These days it’s only a matter of time before our firewalls or access controls are breached. Then what?

In a multi-tiered security strategy, data encryption is a critical next line of defense. Data encryption is also mandated by a number of widely applicable regulations, including PCI-DSS and GDPR.

Fortunately for SQL Server users, Microsoft has developed a range of capabilities that enable you to encrypt database files at rest, in transit, in backups, when being accessed and even “always.” This post will give you an overview the five types of encryption that SQL Server offers.

SSL Transport Encryption For Data In Transit

Similar to how web applications secure traffic between the server and the browser, you can configure SQL Server to use Secure Sockets Layer (SSL) to encrypt data in transit between the server and the client.

This capability is available across all supported versions and all editions of SQL Server. It’s a great way to thwart so-called “man in the middle”/proxy attacks because it makes network traffic almost impossible to read.

For more information, including how to install a certification a SQL Server to support SSL, see this Microsoft Support page.

Backup Encryption

SQL Server allows you to encrypt SQL backups at the whole file level. Available for both Standard and Enterprise editions in SQL Server 2014 and newer, this is a powerful security measure as it protects backups even at offsite locations.

This feature gives you a choice of encryption algorithms and can use either a certificate or asymmetric key. You can also use backup encryption and Transparent Data Encryption (TDE, see below) at the same time (but with separate certificates/keys).

For more information on implementing cell-level encryption, see this Microsoft Docs page.

Transparent Data Encryption (TDE)

Available since SQL Server 2008 for Enterprise editions only, TDE lets you encrypt SQL data “at rest” within the files on disk. This protects the physical media—including the entire database, log files and any backups or snapshots—from being read in the event of unauthorized access to the media. (Data in unencrypted files can be accessed simply by restoring the files to another server.)

TDE is “transparent” in the sense that no changes are required for client or server applications to use a TDE-encrypted database. When SQL Server mounts an encrypted data file, it uses a database encryption key (DEK) to decrypt the data during use and then re-encrypts it again before writing it back to the file. A limitation of this approach is that data encrypted with TDE is unencrypted and potentially vulnerable both in memory and over the network.

For more information on implementing TDE see this Microsoft Docs page.

Cell-Level Encryption

SQL Server’s Cell-Level Encryption lets you encrypt specific columns within a database that contain sensitive data; e.g., credit card numbers, social security numbers, passwords, etc. This feature is available in all SQL Server editions.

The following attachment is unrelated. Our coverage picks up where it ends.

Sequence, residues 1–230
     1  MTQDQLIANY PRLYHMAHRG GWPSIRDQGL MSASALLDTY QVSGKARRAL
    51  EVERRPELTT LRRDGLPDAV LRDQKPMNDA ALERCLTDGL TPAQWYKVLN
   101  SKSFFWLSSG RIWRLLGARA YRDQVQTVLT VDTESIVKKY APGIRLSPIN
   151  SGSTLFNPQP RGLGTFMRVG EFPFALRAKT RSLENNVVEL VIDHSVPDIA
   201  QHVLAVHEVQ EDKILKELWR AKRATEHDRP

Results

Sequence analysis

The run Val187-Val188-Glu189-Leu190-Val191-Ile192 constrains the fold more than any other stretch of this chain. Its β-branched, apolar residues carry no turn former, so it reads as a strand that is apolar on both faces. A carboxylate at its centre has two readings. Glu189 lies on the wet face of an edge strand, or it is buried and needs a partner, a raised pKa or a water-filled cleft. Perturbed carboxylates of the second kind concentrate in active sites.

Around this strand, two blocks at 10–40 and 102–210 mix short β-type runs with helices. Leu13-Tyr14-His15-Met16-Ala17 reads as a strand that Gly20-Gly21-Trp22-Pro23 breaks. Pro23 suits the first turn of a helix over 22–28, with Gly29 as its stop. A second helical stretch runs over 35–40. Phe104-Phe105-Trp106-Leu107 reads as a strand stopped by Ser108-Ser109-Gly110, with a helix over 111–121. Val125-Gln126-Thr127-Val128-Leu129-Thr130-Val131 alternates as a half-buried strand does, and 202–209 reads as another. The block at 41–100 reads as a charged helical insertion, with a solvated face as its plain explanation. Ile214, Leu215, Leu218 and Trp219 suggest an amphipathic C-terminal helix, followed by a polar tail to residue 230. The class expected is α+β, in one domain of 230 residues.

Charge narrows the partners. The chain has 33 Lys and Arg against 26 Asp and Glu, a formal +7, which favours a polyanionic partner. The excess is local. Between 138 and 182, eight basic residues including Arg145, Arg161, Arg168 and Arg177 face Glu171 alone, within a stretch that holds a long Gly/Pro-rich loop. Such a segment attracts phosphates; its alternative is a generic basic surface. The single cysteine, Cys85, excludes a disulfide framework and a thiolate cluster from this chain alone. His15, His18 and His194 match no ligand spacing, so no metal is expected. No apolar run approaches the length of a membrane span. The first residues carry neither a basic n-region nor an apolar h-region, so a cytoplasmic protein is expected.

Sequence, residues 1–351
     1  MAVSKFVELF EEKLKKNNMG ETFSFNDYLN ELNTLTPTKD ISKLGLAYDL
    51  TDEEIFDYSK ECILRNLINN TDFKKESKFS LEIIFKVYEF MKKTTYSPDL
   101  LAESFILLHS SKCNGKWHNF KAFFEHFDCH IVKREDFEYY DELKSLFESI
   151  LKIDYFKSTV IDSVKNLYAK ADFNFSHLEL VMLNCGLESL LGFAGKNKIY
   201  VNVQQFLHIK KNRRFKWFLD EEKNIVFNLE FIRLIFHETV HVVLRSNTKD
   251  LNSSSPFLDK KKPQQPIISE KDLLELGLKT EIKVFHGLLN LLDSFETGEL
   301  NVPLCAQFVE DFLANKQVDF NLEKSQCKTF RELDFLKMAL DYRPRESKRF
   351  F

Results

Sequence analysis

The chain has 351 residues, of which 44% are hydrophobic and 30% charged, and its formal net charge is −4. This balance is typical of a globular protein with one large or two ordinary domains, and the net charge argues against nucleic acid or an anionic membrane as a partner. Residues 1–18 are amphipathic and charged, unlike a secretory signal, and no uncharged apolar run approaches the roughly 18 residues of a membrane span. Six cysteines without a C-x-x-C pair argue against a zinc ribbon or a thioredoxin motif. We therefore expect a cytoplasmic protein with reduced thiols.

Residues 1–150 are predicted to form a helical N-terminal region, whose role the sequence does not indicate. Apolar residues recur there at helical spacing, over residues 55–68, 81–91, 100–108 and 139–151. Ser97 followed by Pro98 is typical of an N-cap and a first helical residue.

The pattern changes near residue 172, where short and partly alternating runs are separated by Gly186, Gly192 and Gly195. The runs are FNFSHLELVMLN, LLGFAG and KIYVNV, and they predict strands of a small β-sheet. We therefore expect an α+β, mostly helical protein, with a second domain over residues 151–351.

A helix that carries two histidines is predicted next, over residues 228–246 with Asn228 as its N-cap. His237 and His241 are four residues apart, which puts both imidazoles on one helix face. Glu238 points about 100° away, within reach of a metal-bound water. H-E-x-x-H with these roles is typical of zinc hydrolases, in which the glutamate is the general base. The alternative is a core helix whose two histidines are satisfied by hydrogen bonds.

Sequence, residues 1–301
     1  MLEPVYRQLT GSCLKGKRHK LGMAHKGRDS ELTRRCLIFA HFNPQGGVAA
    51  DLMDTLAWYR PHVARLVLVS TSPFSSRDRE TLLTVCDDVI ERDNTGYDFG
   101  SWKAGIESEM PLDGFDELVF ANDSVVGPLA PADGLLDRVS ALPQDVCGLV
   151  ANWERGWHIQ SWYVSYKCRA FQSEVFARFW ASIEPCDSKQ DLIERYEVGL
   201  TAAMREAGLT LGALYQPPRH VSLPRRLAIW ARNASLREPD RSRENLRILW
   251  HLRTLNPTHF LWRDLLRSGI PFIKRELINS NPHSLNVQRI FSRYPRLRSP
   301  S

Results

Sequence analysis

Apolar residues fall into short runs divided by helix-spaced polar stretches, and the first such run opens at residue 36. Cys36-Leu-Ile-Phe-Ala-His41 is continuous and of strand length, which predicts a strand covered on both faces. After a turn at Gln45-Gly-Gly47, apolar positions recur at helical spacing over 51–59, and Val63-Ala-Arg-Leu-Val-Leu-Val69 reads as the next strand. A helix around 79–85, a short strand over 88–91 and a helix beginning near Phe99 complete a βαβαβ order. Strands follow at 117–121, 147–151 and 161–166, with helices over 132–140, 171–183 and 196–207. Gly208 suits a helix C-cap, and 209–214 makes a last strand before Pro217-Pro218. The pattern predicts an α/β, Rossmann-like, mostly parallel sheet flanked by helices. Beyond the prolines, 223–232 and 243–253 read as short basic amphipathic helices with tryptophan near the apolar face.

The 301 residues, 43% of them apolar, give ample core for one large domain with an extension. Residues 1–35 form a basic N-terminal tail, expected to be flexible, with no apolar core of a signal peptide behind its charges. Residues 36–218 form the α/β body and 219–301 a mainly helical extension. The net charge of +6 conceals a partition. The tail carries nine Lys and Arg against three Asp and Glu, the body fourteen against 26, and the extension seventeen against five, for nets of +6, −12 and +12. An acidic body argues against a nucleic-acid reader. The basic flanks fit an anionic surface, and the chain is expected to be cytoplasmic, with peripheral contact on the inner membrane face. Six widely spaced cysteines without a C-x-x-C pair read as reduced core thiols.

Unlike with TDE, when data encrypted with Cell-Level Encryption is selected in a query, it remains encrypted by default, even in memory. However, all it takes to decrypt it is a call to the decryptbykey function in the query. Further, the need to use a function call for decryption means code changes in existing applications and queries.

For more information on implementing cell-level encryption, see this Microsoft Docs page.

Always Encrypted

Always Encrypted is a new (since SQL Server 2016) way to do column-level encryption for client applications using up-to-date data libraries. Always Encrypted encrypts data transparently at the client via the data connection layer, with no code changes required (though it requires a driver on client systems).

Data thus secured remains encrypted in transit, in memory and at rest—making it the only option for securing data from misuse by even the most privileged SQL users, like sysadmins. This makes it a good choice for applications that require separation of data owners and managers.

However, since SQL Server isn’t doing the encrypting, many functions won’t work with this approach. In particular, you can’t sort, index, look for string fragments or do calculations on data that’s encrypted.

For more information on implementing cell-level encryption, see this Microsoft Docs page.

In Conclusion

Microsoft has a strong focus on security, and this is evident in the wide range of options available to SQL Server users. But every organization’s needs are different, and there is no one-size-fits-all approach to implementing SQL Server encryption. Your SQL Server version and licensing scenario, application requirements, business processes, performance needs, regulatory environment and security risk profile will all impact your path to implementing encryption.

For expert guidance on how best to implement encryption in your database environment, including help with configuration and key management, contact Buda Consulting.